Earth Imaging Journal: Remote Sensing, Satellite Images, Satellite Imagery
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The Visible Infrared Imaging Radiometer Suite on the Suomi NPP satellite captured a natural-color image of such swirls on the lee side of Guadalupe Island. (Credit: NASA Earth Observatory images by Joshua Stevens and Jesse Allen, using Landsat data from the U.S. Geological Survey and VIIRS data from the Suomi National Polar-orbiting Partnership)

In 1912, physicist Theodore von Kármán first described a process that makes long, spiraling cloud patterns in the sky. These so-called “von Kármán vortices” arise when winds are diverted around a blunt, high-profile area, often an island rising from the ocean. The alternating direction of rotation in the air forms swirls in the clouds.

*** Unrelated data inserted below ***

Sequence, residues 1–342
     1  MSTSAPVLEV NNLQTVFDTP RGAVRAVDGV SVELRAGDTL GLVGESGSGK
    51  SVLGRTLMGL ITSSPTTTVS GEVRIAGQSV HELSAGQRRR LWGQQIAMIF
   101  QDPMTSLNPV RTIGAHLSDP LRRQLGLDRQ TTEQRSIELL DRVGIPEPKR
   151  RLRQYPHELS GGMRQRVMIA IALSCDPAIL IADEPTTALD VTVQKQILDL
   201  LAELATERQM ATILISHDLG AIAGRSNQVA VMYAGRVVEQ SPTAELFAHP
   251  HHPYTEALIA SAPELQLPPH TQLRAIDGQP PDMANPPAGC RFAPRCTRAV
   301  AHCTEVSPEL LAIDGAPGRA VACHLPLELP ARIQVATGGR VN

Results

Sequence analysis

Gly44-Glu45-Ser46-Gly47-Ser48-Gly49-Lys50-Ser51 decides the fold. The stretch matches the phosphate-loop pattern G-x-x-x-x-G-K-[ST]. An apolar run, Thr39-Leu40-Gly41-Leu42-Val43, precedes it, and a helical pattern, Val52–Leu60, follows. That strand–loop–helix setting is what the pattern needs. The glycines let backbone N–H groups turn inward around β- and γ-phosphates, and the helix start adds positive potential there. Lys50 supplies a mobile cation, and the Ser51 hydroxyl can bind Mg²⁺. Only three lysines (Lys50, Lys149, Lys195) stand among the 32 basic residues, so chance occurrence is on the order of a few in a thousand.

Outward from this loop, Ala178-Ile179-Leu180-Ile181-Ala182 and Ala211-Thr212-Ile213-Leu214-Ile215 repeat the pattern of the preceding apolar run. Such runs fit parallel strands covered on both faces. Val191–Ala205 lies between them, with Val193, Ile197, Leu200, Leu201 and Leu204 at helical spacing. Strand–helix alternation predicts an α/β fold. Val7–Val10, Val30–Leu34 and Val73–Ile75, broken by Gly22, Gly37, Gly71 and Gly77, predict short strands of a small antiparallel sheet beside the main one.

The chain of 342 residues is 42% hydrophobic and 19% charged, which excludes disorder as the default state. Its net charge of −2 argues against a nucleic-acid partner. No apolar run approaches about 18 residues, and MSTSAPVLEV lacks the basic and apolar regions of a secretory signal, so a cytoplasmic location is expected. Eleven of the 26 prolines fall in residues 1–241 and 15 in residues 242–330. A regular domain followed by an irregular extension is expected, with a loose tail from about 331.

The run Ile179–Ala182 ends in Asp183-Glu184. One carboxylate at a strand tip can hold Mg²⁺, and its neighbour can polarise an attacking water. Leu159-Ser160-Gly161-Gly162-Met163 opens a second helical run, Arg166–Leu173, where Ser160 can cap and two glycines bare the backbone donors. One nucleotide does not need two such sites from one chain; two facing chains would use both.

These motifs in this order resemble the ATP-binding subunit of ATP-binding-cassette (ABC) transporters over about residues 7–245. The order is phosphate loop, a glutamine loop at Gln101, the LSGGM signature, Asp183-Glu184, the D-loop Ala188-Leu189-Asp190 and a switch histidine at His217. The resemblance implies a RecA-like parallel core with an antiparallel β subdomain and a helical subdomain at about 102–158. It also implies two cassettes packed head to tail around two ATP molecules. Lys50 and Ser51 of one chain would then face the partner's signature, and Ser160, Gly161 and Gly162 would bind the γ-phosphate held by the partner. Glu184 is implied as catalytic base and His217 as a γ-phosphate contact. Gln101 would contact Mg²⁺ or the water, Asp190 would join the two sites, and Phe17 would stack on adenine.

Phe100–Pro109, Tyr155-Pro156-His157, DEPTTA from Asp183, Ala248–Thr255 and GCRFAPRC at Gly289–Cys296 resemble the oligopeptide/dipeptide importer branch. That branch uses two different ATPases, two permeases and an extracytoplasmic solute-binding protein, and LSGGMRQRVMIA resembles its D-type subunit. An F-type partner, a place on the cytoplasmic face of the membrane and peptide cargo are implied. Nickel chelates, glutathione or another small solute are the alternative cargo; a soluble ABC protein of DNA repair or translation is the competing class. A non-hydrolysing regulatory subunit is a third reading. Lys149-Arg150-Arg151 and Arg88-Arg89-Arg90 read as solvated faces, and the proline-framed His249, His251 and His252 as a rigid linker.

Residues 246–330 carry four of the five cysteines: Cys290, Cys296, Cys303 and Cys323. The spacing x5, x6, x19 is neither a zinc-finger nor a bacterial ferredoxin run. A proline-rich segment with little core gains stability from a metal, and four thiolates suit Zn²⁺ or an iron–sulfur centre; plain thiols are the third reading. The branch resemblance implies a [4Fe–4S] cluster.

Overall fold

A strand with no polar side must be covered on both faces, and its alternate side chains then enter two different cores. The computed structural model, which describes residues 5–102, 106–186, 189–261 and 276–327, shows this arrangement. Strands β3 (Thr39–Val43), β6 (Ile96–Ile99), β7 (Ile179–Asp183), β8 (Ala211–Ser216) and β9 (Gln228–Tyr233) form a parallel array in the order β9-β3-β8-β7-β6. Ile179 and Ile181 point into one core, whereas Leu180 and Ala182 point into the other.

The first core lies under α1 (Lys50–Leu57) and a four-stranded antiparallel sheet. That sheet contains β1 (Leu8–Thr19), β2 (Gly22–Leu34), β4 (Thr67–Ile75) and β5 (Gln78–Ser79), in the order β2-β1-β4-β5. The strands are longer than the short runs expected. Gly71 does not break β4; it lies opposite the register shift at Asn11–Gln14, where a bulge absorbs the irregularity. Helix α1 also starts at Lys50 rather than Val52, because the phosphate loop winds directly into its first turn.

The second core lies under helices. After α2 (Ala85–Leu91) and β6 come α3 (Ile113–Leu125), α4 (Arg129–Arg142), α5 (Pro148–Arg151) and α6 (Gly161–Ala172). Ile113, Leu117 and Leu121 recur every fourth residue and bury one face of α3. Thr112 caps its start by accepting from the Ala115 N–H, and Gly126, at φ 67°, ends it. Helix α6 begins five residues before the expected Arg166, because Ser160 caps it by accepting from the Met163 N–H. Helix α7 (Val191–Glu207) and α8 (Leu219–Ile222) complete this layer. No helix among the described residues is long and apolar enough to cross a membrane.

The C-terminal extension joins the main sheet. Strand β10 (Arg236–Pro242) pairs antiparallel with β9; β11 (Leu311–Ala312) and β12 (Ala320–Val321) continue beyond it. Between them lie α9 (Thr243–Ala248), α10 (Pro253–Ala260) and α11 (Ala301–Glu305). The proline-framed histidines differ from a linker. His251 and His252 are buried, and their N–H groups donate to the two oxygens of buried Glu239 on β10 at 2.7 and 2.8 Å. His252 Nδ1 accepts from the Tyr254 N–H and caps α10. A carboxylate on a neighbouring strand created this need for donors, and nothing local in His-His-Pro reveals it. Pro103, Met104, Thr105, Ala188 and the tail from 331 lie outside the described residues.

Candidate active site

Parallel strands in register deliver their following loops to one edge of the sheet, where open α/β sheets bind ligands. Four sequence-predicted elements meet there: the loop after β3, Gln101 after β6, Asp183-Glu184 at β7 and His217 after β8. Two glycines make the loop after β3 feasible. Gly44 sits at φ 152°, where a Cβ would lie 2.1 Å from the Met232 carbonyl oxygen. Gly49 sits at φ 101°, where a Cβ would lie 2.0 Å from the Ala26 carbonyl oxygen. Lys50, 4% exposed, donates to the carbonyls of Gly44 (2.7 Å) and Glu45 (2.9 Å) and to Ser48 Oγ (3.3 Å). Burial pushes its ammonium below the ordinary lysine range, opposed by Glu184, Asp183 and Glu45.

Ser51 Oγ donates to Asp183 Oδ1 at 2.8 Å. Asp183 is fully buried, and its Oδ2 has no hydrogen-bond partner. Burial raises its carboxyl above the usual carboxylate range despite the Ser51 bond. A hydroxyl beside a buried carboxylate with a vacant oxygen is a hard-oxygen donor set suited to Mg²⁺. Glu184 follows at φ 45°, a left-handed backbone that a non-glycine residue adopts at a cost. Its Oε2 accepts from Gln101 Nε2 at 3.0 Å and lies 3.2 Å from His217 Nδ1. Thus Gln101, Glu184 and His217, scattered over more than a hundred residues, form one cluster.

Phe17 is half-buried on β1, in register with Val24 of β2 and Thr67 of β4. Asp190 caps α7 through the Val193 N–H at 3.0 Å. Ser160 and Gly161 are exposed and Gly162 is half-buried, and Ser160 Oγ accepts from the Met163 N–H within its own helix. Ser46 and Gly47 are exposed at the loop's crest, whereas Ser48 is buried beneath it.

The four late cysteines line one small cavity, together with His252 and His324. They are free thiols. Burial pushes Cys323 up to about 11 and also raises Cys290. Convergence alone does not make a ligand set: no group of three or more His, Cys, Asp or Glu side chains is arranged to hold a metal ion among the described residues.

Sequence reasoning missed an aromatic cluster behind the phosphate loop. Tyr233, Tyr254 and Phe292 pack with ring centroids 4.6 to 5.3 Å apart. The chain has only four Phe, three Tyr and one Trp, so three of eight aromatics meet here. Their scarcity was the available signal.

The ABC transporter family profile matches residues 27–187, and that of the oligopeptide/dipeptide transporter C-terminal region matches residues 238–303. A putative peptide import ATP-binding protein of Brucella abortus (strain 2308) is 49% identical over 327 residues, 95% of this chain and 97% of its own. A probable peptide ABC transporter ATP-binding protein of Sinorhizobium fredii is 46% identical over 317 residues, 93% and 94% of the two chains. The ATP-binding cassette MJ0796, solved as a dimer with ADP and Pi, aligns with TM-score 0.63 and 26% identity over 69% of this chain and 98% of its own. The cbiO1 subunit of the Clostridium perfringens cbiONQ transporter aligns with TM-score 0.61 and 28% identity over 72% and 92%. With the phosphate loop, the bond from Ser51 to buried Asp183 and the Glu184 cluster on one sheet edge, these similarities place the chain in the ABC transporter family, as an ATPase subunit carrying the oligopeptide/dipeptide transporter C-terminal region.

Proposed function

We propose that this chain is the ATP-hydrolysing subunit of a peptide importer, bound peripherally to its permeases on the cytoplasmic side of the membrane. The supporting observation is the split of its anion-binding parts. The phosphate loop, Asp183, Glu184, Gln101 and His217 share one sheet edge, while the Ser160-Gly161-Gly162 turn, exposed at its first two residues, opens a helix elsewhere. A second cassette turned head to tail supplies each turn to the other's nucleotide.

On May 24, 2017, the Visible Infrared Imaging Radiometer Suite (VIIRS) on the Suomi NPP satellite captured a natural-color image of such swirls on the lee side of Guadalupe Island, a volcanic island that rises from the Pacific Ocean off the coast of Baja California, Mexico.

According to Carlos Torres of the Autonomous University of Baja California, the pattern of the swirls depends on the wind intensity. The vortices are driven by the prevailing winds, which can change seasonally and cause differences in the direction and structure of the vortices.

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